Britain is fighting an EU proposal to keep Northern Ireland in the bloc’s customs union and single market in order to avoid closing the border with the rest of the island.

“We will leave the EU in 2019 as one United Kingdom,” James Brokenshire, Theresa May’s Northern Ireland secretary, has said.

He argued on Monday it would be “impossible” for the province to remain half in EU when the rest of the country exits. Read more

Crown Prince Breaks Saudi Monarchy’s Two Pacts

Mohammad bin Salman Al Saud, the defense minister and crown prince of Saudi Arabia
Mohammad bin Salman Al Saud, the defense minister and crown prince of Saudi Arabia (AP/Hassan Ammar)

Middle East expert Adam Garfinkle writes in The American Interest that by putting members of the royal family under house arrest, giving women the right to drive and removing the arrest power from the Islamic religious police, Saudi crown prince Mohammad bin Salman Al Saud has broken the two pacts that have held the monarchy together for more than half a century:

  1. The consensus of family elders that has kept factions in rough balance with each other and kept most contentions from public view.
  2. The duumvirate between the Al Saud and the Al Wahhab, the temporal and religious halves of the whole Saudi enterprise going back to the eighteenth century. Read more

Conservatives Pay the Price for Putting Party Before Country

Prime Ministers Justin Trudeau of Canada and Theresa May of the United Kingdom inspect an honor guard in Ottawa, September 18
Prime Ministers Justin Trudeau of Canada and Theresa May of the United Kingdom inspect an honor guard in Ottawa, September 18 (The Prime Minister’s Office)

Britain’s Conservatives are paying the price for putting party before country.

Theresa May, the prime minister, only elevated Boris Johnson and Priti Patel to the cabinet last year because she felt she needed to appease the pro-Brexit wing of her party.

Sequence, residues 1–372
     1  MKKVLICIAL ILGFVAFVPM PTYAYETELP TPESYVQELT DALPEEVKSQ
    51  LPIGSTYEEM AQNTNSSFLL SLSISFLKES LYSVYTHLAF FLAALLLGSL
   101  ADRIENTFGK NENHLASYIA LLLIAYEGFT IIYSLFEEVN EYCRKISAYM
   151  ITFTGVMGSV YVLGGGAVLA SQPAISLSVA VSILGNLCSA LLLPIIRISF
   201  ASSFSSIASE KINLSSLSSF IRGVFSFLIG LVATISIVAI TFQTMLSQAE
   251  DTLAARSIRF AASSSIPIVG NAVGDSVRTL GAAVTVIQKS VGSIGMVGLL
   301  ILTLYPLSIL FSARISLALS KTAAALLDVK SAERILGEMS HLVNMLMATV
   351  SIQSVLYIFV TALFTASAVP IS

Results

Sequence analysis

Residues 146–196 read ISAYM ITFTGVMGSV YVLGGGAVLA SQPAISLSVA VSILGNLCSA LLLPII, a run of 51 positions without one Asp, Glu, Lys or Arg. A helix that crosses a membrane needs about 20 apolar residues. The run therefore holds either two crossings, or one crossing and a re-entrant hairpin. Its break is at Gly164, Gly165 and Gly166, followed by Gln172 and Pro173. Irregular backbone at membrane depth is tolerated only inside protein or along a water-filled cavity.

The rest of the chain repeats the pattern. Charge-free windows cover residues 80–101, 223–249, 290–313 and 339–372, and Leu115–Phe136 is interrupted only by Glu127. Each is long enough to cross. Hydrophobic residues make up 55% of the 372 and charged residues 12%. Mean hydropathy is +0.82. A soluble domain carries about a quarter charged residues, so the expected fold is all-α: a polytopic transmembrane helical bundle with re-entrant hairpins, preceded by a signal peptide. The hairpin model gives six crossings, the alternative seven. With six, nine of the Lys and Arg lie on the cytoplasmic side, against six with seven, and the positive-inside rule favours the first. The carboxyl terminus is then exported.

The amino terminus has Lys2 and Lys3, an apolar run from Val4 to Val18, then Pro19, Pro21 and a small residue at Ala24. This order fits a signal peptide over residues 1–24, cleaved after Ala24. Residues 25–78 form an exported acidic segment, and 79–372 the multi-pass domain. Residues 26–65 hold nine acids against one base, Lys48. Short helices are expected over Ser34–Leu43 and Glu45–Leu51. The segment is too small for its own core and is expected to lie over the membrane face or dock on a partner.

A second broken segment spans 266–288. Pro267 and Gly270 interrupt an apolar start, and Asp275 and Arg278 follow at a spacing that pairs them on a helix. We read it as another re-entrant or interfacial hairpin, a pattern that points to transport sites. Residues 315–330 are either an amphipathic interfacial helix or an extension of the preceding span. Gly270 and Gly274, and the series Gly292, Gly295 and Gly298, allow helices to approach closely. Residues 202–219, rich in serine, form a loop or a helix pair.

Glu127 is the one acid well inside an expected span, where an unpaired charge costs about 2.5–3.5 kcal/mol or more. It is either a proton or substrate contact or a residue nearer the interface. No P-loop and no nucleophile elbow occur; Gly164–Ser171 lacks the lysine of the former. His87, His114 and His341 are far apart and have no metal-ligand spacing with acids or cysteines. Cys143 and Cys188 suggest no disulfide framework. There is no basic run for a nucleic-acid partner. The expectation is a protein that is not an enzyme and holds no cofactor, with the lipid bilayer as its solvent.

Both had supported an exit from the European Union in the 2016 referendum.

Both have now done harm to British diplomacy and possibly put a British citizen in danger. Read more

Takeaways from Democratic Victories in Virginia

Ralph Northam, the Democratic candidate for the governorship of Virginia, speaks with voters
Ralph Northam, the Democratic candidate for the governorship of Virginia, speaks with voters (Northam for Governor)

Democrats who are wary of toning down their identity politics can take heart from Tuesday’s election results in Virginia.

Ed Gillespie, formerly a center-right Republican who adopted the race-baiting tactics of Donald Trump, lost to middle-of-the-road — not Bernie Sanders-style populist — Democrat Ralph Northam with 45 to 54 percent support.

Bob Marshall, the author of the state’s failed “bathroom bill”, was defeated by Danica Roem, the first openly transgender state senator elected in American history.

Preliminary analysis suggests Gillespie failed to boost Republican turnout in the sort of left-behind places that threw their support behind Trump in 2016 and lost votes in affluent suburbs that have increasingly leaned Democratic. Read more